July 12, 2010

BDI as a leading indicator

Many economists look to the Baltic Dry Index (BDI) as a leading indicator. It shows shipping volume and unlike unemployment tends to be a front end indicator of economic activity.  Unemployment is a trailing indicator on the other hand.

Back in early 2009 it looked like a bounce back was quite possible if not likely.  Now, not so much:

Last year things were looking like a V-shaped recovery. Then maybe a quick U-shaped recovery.  Now, this is seeming less and less like a recovery and more like stagnation.  Look what has happened since May of this year.  The BDI is clearly headed in the wrong direction, proving that just like any other rapid indicator, it's subject to some speculation.  Even if you factor in trend lines, the latest dip seems to fall well below that line.  Whether it's as a result of insane fiscal policy in the form of additional U.S. debt, or as a result of worries of Greece's debt (and Spain and Portugal and Great Britain) is not obvious, but the two factors are not entirely unrelated.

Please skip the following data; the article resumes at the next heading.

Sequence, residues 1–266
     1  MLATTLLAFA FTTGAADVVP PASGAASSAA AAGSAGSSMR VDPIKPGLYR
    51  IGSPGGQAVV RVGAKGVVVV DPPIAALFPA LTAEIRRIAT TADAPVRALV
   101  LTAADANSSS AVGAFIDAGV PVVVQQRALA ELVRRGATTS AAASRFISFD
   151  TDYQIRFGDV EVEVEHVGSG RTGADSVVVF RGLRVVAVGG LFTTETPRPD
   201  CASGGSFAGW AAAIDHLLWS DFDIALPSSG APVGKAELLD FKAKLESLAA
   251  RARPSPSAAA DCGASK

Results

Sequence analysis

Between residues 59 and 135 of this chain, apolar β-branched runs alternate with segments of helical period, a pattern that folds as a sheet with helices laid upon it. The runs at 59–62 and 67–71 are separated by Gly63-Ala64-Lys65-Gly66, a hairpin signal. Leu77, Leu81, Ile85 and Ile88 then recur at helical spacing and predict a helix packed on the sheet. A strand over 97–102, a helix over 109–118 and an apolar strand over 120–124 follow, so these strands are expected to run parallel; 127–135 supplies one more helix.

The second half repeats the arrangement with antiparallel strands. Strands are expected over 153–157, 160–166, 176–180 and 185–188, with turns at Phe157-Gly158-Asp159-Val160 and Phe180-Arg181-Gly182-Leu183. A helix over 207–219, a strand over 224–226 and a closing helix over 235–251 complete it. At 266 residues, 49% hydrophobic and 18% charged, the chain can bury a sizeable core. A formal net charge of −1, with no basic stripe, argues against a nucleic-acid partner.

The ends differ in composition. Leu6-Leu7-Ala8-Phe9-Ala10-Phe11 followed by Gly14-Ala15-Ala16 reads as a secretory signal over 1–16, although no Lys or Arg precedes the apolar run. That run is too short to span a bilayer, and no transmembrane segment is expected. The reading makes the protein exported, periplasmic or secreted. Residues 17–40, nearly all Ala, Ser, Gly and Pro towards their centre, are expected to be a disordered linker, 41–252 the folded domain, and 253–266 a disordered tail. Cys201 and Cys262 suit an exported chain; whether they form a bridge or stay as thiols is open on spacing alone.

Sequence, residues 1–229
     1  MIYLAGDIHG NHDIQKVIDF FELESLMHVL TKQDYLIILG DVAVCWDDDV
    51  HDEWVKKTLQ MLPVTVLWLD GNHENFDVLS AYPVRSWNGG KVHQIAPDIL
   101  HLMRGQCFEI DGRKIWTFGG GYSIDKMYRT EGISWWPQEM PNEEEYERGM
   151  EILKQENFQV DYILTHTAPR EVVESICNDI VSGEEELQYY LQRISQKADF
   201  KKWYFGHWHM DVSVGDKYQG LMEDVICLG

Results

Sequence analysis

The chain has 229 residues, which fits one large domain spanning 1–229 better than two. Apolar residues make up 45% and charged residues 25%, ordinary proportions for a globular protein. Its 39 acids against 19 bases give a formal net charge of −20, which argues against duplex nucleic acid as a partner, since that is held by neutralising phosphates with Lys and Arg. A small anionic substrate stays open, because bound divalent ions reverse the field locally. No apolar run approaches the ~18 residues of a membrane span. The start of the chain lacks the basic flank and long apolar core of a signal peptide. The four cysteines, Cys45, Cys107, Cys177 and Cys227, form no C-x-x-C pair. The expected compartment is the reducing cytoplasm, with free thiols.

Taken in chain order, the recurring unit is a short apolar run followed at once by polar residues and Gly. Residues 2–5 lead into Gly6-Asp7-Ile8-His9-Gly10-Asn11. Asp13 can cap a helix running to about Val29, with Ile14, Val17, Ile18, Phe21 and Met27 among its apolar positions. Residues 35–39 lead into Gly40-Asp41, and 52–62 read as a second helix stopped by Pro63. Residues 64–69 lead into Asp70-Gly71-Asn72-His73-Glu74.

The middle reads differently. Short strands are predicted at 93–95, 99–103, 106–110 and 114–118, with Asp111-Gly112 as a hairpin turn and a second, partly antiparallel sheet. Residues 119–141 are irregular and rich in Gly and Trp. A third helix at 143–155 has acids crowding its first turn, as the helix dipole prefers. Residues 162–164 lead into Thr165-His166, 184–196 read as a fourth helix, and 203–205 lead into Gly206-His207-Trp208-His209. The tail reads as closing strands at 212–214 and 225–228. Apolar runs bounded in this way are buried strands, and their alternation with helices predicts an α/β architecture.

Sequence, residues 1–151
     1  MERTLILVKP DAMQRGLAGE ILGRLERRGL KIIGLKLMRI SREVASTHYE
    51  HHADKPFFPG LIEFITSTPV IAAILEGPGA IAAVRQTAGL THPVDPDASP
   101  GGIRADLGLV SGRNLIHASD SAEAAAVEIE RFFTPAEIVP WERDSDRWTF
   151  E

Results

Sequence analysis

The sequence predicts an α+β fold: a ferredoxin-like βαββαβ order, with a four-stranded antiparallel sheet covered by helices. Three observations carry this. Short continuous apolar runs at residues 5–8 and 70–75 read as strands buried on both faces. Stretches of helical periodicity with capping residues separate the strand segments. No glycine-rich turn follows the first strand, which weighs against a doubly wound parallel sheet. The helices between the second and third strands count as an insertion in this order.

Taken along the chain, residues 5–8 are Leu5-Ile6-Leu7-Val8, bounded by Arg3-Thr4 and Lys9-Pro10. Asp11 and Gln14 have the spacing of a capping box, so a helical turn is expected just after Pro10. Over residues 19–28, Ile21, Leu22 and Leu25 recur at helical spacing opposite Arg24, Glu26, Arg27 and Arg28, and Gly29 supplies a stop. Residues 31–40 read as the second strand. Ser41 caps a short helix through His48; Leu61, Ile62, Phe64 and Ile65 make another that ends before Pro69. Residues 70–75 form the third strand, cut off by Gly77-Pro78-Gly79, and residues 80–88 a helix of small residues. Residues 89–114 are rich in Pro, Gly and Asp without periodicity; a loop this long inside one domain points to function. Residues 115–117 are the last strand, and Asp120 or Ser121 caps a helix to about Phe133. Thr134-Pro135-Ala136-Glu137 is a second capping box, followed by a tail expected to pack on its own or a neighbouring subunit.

Arguably, had the stimulus not occurred, the recovery might very well be much further along. For now, the U.S. will have to settle for $1 trillion plus annual deficits for as far as the eye can see and no immediate benefit to see from it. 

Way to go Mr. President, and all your Democratic lap dogs in Congress.  You could have bet all that money on a long shot at Arlington Park race track and gotten a better return.  The at least the Chicago machine could have tried to fix the race.  It sure couldn't have gone any worse than your attempt to fix the economy.

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